The Kansas-based operation run by the Bitcoin mining equipment manufacturer Butterfly Labs has been shut down by the Federal Trade Commission. The United States authority revealed in a statement published online that the action was carried out following an order issued by a court in the Western District of Missouri.
The action – connected to a civil lawsuit started by the FTC against the manufacturer – puts an end to the rumours that became viral last Saturday (19th), spreading the news that Butterfly Labs was being raided by US Marshalls.
At the request of the Federal Trade Commission, a federal court has shut down Butterfly Labs, a Missouri-based company that allegedly deceptively marketed specialized computers designed to produce Bitcoins, a payment system sometimes referred to as “virtual currency”.
According to the lawsuit, the FTC found that Butterfly Labs had contravened section 5(a) of the FTC Act by engaging in “unfair or deceptive business practices in or affecting commerce”. The action names not only Butterfly Labs, but also three directors of the company as defendants: Jody Drake, Nasser Ghoseiri and Sonny Vleisides.
By referring “unfair or deceptive business practices”, the FTC means the company charged “between $149 and $29,899 upfront” for the mining equipment, but did not delivered the majority of the products. Dozens of consumers have been complaining for several months, saying they never received the machines after the payment was made.
One of the best examples of the “scam”, according to the general opinion repeated in forums like BitcoinTalk or Reddit, was the launching of the mining device BitForce in June 2012. With a powerful marketing strategy behind the brand, Butterfly Labs was flooded with orders, but as of September 2013 more than 20,000 consumers were still waiting for their mining equipment, CryptoCoinNews reports.
Even where Butterfly Labs did deliver a Bitcoin mining computer to a consumer, the complaint notes that because of the unique nature of the Bitcoin system, the outdated computers were useless for their intended purpose. While more Bitcoins are being mined each day, the total number of Bitcoins available to mine is reduced in half each year. Combined with the fact that each new generation of computing technology used to mine Bitcoins renders previous generations essentially obsolete, the delay in delivering computers to consumers meant that the Bitcoin mining computers could never generate the amount of Bitcoins that Butterfly Labs promised consumers.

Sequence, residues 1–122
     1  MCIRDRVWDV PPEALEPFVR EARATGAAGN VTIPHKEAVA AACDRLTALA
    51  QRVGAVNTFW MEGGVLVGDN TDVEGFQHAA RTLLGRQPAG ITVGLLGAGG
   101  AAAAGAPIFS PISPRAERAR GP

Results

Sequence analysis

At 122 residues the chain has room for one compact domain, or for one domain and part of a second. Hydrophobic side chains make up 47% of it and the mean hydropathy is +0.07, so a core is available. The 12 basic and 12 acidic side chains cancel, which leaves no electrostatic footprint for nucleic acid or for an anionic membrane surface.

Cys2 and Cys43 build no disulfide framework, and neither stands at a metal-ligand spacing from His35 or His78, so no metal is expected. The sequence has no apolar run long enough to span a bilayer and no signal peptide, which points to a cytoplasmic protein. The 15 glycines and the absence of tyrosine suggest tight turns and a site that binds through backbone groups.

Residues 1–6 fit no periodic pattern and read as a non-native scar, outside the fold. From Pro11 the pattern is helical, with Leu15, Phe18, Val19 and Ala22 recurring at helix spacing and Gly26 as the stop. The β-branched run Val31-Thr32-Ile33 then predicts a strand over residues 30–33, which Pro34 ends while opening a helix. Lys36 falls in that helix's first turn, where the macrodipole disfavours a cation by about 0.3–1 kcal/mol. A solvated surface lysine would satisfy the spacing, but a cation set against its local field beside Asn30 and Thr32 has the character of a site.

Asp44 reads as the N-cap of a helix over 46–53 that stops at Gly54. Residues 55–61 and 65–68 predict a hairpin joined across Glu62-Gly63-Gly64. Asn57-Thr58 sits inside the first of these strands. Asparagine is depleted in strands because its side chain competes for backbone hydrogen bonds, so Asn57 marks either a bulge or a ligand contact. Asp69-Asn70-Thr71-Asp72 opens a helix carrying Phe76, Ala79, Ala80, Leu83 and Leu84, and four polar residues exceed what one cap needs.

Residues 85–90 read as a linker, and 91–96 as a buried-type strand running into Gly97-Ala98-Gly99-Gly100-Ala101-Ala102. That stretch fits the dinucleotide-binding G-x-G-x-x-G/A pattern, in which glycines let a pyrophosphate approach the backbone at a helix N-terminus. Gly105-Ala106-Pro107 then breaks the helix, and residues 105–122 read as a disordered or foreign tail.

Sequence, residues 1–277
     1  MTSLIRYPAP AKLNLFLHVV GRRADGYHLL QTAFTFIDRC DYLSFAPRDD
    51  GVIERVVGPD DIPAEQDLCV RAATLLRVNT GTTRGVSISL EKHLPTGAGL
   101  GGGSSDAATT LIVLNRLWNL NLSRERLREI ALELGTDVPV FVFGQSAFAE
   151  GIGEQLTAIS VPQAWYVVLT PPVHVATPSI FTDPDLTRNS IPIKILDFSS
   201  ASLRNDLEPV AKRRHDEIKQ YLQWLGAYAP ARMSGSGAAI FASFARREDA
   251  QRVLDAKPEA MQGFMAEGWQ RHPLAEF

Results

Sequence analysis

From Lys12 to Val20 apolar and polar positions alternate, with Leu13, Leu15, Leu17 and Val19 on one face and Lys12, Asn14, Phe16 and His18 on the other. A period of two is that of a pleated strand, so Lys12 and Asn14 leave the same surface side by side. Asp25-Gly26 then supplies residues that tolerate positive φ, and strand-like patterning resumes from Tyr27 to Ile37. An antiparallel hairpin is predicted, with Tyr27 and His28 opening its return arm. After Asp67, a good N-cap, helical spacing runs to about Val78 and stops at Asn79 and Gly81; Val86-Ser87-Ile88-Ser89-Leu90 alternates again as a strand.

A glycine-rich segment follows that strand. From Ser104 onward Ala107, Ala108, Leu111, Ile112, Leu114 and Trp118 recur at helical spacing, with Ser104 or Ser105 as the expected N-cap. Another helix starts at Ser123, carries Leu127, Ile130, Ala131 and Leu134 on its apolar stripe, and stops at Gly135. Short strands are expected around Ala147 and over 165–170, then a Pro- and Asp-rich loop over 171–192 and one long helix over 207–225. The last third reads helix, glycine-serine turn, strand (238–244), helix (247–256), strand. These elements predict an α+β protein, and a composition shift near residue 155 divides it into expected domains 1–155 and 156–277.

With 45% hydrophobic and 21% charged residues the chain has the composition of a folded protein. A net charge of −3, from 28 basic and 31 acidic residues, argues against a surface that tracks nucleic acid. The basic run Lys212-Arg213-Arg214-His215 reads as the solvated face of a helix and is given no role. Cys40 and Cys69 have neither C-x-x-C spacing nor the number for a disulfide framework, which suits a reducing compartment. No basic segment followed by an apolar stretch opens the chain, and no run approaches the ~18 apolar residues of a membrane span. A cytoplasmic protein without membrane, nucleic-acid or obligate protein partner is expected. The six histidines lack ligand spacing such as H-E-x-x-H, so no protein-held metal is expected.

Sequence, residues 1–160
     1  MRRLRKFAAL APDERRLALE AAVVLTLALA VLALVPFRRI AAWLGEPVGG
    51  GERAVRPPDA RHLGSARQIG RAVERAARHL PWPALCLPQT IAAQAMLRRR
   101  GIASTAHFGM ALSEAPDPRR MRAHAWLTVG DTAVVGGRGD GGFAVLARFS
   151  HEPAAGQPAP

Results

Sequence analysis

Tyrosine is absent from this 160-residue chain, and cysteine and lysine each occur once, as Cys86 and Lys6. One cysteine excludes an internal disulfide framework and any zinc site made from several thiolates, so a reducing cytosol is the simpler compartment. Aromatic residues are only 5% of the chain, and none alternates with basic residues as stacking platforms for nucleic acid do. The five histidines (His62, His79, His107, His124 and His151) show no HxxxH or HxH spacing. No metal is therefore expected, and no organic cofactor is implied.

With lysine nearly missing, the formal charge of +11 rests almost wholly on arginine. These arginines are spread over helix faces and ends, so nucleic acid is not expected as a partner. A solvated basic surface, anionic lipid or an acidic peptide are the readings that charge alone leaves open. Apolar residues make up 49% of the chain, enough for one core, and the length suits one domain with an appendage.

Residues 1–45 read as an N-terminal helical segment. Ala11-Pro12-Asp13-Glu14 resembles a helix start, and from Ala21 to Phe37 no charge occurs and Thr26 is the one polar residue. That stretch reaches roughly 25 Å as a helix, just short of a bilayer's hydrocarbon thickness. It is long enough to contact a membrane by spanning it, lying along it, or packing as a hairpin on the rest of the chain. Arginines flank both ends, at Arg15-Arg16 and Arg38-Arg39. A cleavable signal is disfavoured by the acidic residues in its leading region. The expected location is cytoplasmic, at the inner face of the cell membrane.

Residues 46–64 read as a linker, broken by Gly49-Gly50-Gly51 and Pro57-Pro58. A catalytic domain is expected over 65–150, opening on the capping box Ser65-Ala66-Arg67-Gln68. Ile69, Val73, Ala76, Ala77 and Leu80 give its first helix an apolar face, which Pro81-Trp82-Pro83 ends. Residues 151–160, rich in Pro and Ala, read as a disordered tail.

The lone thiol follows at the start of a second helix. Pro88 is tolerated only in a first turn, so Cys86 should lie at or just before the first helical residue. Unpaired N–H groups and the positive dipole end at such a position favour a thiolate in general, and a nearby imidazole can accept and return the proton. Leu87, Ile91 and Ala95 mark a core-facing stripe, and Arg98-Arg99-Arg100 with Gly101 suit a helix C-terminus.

And that is not all, as the FTC is also going after Butterfly Labs not only because of the company’s equipment, but for their alleged mining services. In December 2013, the American firm started offering these services, receiving hundreds of thousands of dollars in advance. However, the FTC alleges the company never provided any Bitcoin mining services to consumers.
“We often see that when a new and little-understood opportunity like Bitcoin presents itself, scammers will find ways to capitalize on the public’s excitement and interest”, says Jessica Rich, director of the FTC’s Bureau of Consumer Protection. “We’re pleased the court granted our request to halt this operation, and we look forward to putting the company’s ill-gotten gains back in the hands of consumers”, she adds.
This new order issued by the court now prohibits the company from doing business, while also freezing their assets and placing the company in receivership.
Butterfly Labs has openly responded to the Federal Trade Comission’s action, claiming the punishment was “heavy-handed”. In a statement, the company is also accusing the FTC of “going to war on Bitcoin (…) starting with Butterfly Labs”, a “very real” company that delivered over $33 million in products to customers. The firm also reminds the readers that it voluntarily granted almost $17 million in refunds to customers due to cancelled orders.
In light of the latest events, the manufacturer asked to present witnesses on its favour during a hearing that will happen on September 29th and assured that it will fully cooperate with the Temporary Receiver appointed by the court.